Tim Storm: From Super Fan to NWA World Champion

You have a better chance of getting struck by lightning than going from avid wrestling fan to NWA World Heavyweight Champion. But somehow, Tim Storm did just that!

This is the amazing tale of how a school teacher and grandfather became the world’s oldest NWA Champion!

Tim Storm with his hero Harley Race, and as NWA World Heavyweight Champion.
Tim Storm with his hero Harley Race, and as NWA World Heavyweight Champion. [left photo provided by Tim Storm. Photo courtesy of lastwordonsports.com]

Tim Storm: Early Life

Pro wrestling was ingrained in Timothy Scoggins from a very early age.

A youth spent watching three famous territories of the US’ golden age of wrestling in the 1970s hooked him into a journey that would eventually see the crowning of a thoroughly deserved world champion named Tim Storm.

“I grew up in Pine Bluff, Arkansas. It’s centrally located in the South, so I got Memphis Wrestling in the morning on Saturdays, Georgia Championship Wrestling in the afternoons, and World Class (Championship Wrestling) at night,” Storm explained in a recent conversation with us. “Pretty much every Saturday, I was watching wrestling at least three times.”

Like a million other youngsters across North America, he yearned to emulate his grappling heroes one day. But it was typically a closed shop back in the era of kayfabe. Entry wasn’t easy.

“I’m not sure that I really had a plan that I’m gonna do this someday.”

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Calm Before The Storm

Much to the chagrin of a boss that didn’t approve of the wrestling business, Tim Storm began to take the plunge.

“At the time, I was vice-president of a company with a wife, two kids, and house payments; two car payments,” he recalled. “It wasn’t something where I was willing to drop everything – abandon my life.”

But the itch remained.

At 32, a call to the WCW Power Plant proved fruitless due to their cutoff age being 30. Thankfully, a friend introduced him to a local promotion with low TV production values but a reputable school.

“It was very old-school training with lots of psychology and actual wrestling. It was a good start. I didn’t have a goal of being world champion. I wanted to have a match and another match and see how it goes. It worked out pretty well.”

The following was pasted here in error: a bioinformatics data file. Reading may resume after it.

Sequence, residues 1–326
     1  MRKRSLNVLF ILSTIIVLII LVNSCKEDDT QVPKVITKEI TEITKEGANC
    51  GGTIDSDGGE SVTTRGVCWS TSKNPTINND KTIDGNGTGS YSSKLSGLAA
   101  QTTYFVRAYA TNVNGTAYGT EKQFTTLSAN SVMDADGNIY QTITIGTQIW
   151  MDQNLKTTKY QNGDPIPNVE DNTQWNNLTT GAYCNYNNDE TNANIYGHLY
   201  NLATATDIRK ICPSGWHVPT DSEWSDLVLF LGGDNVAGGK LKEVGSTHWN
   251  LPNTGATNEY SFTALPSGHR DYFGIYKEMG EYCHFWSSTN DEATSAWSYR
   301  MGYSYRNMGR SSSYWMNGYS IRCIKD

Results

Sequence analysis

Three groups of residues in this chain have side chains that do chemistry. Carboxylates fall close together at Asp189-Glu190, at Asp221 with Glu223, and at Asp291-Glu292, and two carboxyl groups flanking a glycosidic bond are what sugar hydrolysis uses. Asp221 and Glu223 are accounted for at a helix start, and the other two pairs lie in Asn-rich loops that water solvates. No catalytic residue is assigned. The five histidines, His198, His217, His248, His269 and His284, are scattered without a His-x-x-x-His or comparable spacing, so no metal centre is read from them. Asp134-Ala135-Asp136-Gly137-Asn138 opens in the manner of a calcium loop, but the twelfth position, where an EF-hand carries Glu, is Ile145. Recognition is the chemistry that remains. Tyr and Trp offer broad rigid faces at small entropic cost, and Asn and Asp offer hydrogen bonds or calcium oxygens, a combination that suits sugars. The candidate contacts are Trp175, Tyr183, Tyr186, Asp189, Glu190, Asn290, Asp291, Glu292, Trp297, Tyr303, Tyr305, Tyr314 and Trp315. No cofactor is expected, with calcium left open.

“Bill (Ash) was as old-school as you could possibly get. He was my first match. It was a tag match, and we beat the crap out of each other.”

After training sessions with Bill, the young prospects would wait in the parking lot, feigning that they were about to depart. Then, thanks to a screwdriver, Jeff Jet had access to a building they could all go and work in at their own pace.

“I’ll tell you the honest truth: I was a big guy and pretty athletic, but I was not good for a long time,” Storm admitted. “I was a pretty good athlete playing college sports, but bumping was as unnatural for me as anything I could imagine.”

Storm Warning

Soon, Tim Storm moved to Texas, having learned the basics under Ash, and essentially gave up wrestling for a period in the late-’90s. Yet he was unable to walk away entirely and returned in 2001.

“I got involved in some excellent local promotions. There’s a group here called PCW (Professional Championship Wrestling). They had a local cable TV contract, and the promotion was amazing.”

“I started really progressing and getting better. I wrestled for them for five or six years,” he continued. “At 40, I kind of decided it might be time to shut it down. My knees were killing me; my back was hurting. I was still three-hundred-and-something pounds.”